Turf Talk: Weed Control

Posted by on 25 May 2017 | 0 Comments

 Plant identification is an important part of lawn and landscape care.  Identification of a species allows us to understand the individual characteristics of a plant in order to make the proper decision of keeping or discarding.  Dandelions and white clover are well respected by the beehive owners in the Omaha and Council Bluffs areas but only a phone call away are a number of lawn care providers that could provide control of those broadleaf weeds.  This is where many opinions can come up against each other.  Some believe a weed is any broadleaf plant growing in the lawn.  On the other side of the opinion are ones who believe there is nothing wrong with a few dandelions or white clover here and there. 

Another point of view is that a weed is something that simply does not belong.  For example, when a wider bladed fescue is randomly growing in patches among a bluegrass and ryegrass lawn, many people would consider this wider bladed fescue a weed because it looks different or out of place.  However, when an entire lawn is established with a wider bladed fescue, the lawn looks consistent with nothing standing out.  In some terrains, landowners will take whatever they can get for foliage because the hills are so steep that erosion can be troublesome.  In another example is a single variety of daisy that dots a hillside of turf grass that flowers around Memorial Day and goes dormant soon after.  The homeowner knows not to use broadleaf weed control in the spring because it may damage the desired emerging flowers and will tolerate any dandelions until the wildflowers have gone dormant.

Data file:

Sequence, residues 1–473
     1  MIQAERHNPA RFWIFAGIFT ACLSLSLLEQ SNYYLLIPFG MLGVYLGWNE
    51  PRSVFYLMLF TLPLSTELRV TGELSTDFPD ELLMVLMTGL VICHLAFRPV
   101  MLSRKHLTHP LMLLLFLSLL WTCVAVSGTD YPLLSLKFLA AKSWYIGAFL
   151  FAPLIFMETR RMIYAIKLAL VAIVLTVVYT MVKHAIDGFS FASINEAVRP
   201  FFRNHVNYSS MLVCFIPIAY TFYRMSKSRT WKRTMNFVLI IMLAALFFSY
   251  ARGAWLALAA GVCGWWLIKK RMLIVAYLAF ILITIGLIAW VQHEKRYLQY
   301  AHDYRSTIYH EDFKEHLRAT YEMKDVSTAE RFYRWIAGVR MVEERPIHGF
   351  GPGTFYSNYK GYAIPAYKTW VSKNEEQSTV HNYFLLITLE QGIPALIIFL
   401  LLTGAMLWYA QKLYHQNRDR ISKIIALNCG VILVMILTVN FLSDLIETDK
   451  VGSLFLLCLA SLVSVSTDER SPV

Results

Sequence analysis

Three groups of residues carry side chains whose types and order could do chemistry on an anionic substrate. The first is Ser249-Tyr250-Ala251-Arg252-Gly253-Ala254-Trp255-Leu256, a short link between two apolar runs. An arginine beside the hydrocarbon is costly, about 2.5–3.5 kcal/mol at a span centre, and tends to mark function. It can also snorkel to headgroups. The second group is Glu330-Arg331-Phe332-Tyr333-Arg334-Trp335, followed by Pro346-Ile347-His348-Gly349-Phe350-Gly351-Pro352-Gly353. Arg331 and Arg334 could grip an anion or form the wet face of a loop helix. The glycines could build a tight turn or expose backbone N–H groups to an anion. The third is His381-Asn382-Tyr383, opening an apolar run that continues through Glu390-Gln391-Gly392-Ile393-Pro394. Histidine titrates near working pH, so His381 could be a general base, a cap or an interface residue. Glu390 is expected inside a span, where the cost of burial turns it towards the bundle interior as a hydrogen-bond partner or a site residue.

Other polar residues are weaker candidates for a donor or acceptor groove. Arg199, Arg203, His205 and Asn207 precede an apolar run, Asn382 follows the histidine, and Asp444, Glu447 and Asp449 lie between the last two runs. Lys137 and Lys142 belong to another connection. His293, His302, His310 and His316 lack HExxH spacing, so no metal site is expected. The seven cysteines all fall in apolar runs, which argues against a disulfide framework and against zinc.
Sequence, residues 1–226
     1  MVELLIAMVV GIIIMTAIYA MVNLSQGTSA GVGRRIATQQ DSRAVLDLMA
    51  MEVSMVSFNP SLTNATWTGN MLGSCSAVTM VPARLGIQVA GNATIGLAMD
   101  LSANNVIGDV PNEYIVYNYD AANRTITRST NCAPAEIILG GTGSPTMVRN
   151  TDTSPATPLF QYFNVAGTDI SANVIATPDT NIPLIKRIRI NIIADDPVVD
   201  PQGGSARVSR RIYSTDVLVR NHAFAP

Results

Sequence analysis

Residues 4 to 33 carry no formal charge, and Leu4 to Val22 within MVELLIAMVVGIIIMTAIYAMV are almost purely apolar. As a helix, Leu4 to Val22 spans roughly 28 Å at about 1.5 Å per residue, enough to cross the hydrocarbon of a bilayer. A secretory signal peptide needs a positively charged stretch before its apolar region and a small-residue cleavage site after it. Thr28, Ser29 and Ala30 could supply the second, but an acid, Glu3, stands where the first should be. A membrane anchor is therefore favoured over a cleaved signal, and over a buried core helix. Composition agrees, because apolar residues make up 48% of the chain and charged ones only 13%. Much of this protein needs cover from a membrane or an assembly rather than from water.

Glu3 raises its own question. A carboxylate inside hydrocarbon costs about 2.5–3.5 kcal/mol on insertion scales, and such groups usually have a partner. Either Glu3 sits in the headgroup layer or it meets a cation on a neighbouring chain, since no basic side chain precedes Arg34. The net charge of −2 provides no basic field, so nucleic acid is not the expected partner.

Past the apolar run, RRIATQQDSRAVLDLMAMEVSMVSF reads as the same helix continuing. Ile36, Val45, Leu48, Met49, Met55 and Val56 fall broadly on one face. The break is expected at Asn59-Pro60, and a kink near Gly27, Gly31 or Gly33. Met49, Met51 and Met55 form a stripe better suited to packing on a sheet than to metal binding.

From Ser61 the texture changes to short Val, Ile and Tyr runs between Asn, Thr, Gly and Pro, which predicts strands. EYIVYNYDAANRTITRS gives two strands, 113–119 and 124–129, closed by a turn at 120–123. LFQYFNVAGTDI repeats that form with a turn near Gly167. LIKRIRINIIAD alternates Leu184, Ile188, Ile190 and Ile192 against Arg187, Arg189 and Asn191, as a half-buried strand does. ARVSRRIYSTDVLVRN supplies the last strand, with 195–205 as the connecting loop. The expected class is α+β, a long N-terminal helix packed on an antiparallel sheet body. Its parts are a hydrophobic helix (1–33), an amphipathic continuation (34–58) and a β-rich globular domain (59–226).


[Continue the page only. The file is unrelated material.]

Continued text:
In one of my favorite little cemeteries in the area are a number of low growing spring flowering bulbs growing around the headstones.  This particular group of volunteers who mow this cemetery value these low growing spring flowering bulbs more than the grass therefore they too show a few reservations about broadleaf weed control and will tolerate weeds like dandelions and white clover.  One way these care takers of this cemetery battle the dandelions and white clover is by mowing high.  By mowing high and not cutting off the desired low growing spring flowering bulbs, they are also creating a thicker lawn and a more difficult time for the broadleaf weeds to become established.  

Broadleaf weed control can be a good thing.  Knowing the proper timing and calibration of active ingredients should be at the top of the priority list for applicators but so should knowing when not to use broadleaf weed control at all.  A good lawn company will show a few reservations from time to time when applying broadleaf weed spray and proper identification of plant species will give accurate results.